The relationship between Duke and its Native American constituents goes back further in history than one might expect. In 1892, Trinity College (the predecessor to Duke University) saw the arrival of Joseph S. Maytubby on its campus in Durham. Maytubby, a member of the Chickasaw tribe became the first Native American to receive a degree from Trinity College. An excellent student, he served as president of the Hesperian Literary Society, was involved with the Trinity Archive literary magazine, played football, and, as a capstone to his stellar academic career, his oratory skills won the Wiley Gray Medal competition for the 1896 commencement.

Duke Magazine Retro: Native Americans at Trinity in the Nineteenth Century provides more insight into university history and Mr. Maytubby’s experience.

Today: the Path Continues

In present day, the Duke Native American Student Alliance serves as a resource and advocates on behalf of Native American Students on campus. Read its mission statement to learn more. One element of NASA’s stated mission is to advance the awareness of Native American culture throughout campus and the state.

Map of NC Tribal Communities – source: North Carolina Dept. of Administration

It is not generally known that North Carolina has the largest Native American population east of the Mississippi River. North Carolina is home to eight tribes recognized tribes by the state, including the Eastern Band of the Cherokee Nation – the only federally recognized Native American community in North Carolina.   This exhibit offers a glimpse into the complicated and often uncomfortable history of the Native American tale.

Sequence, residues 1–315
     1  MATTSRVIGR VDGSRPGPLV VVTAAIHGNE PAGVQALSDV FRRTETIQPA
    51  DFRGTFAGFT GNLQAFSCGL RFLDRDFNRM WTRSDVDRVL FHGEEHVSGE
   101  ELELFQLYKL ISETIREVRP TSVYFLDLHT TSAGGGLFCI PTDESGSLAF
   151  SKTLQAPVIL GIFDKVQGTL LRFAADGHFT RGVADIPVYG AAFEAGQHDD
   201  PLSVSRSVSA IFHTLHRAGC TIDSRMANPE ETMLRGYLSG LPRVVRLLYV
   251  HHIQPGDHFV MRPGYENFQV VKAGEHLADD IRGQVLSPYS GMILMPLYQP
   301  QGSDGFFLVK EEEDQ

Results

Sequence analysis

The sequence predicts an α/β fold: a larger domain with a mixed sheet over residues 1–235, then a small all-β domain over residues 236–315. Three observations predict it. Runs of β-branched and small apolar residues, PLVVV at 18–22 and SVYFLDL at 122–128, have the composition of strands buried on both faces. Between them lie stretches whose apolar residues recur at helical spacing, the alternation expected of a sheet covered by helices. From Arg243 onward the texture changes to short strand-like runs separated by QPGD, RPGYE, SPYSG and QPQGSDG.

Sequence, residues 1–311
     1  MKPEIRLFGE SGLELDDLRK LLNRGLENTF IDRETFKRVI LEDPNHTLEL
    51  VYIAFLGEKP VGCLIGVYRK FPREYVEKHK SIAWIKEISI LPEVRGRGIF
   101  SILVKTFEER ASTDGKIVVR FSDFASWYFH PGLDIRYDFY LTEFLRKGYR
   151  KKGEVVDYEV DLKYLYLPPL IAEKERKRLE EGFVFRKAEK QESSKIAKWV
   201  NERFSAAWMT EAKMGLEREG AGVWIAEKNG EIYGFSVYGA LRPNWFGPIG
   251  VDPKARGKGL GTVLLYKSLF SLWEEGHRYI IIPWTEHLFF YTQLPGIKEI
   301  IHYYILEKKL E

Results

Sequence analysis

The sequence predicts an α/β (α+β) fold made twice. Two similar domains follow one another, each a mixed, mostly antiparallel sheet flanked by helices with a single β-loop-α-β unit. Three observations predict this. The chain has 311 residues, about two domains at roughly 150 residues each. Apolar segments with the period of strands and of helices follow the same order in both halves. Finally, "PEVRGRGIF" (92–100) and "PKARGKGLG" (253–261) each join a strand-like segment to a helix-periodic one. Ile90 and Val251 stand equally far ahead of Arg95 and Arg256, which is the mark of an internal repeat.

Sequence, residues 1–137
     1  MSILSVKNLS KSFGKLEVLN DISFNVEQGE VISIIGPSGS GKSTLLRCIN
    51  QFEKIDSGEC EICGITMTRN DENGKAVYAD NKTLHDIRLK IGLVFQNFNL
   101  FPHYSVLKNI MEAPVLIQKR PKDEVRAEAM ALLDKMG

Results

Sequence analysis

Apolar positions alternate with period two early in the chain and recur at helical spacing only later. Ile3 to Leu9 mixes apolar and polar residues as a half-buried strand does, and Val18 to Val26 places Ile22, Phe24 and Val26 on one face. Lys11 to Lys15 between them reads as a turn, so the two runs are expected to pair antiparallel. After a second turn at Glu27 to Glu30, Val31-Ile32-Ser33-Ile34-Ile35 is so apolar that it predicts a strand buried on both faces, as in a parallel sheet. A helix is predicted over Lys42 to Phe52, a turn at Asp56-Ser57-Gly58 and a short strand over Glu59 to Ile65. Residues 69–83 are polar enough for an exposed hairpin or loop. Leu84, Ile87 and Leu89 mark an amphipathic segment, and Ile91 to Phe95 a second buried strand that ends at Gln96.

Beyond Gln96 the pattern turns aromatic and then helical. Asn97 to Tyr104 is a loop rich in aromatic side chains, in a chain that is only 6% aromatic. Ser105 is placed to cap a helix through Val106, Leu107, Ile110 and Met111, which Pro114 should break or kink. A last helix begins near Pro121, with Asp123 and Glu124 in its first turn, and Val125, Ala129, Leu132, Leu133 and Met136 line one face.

The Lilly Library exhibit Native Americans in North Carolina: the Path from the Past to the Present is on display until March 1, 2022.
Curated by Librarians Greta Boers and Carson Holloway. Artifacts on display are from the collections of Carson Holloway and Greta Boers.

Imagining Duke’s Campus in 1000 AD

John “Blackfeather” Jeffries blesses 25-acres of new land acquired by the Occaneechi Band of the Saponi Nation. Photograph used with permission by Ted Richardson, TEDRICHARDSONMEDIA.COM

This post is part of a series intended to introduce first-year students to the diverse history of Duke and Durham. These posts are brief introductions, but include more detailed resources for further reading and exploration.

Many formal gatherings in the Americas begin with acknowledgement and prayer for the indigenous people of the past, and to honor those among us now.   Other examples of respect are the Duke Forest Land Acknowledgement Statement  and the Eno River Association’s Land Acknowledgement which bow  to the  Yésah, “the people”,  the collection of tribes who have lived on the North Carolina and Virginia Piedmonts.   As you find your way to class, you may wonder who was walking over Duke’s campus 1200 years ago.  Where are their descendants?

North Carolina has the highest number of Native Americans east of the Mississippi. A map reconstructing ancient languages of the Southeast identifies three clusters:  Iroquois, Siouan, and Muskhogean.  Two range across the state. To the west are the Iroquois linguistic family, the present-day Eastern Band of Cherokee.    In the Piedmont, southern, and the eastern parts of the State are the remaining tribes of the Siouan (Tutelo) linguistic family: Coharie, Haliwa-Saponi, Sappony, Waccamaw, Meherrin, Lumbee, and Occaneechi.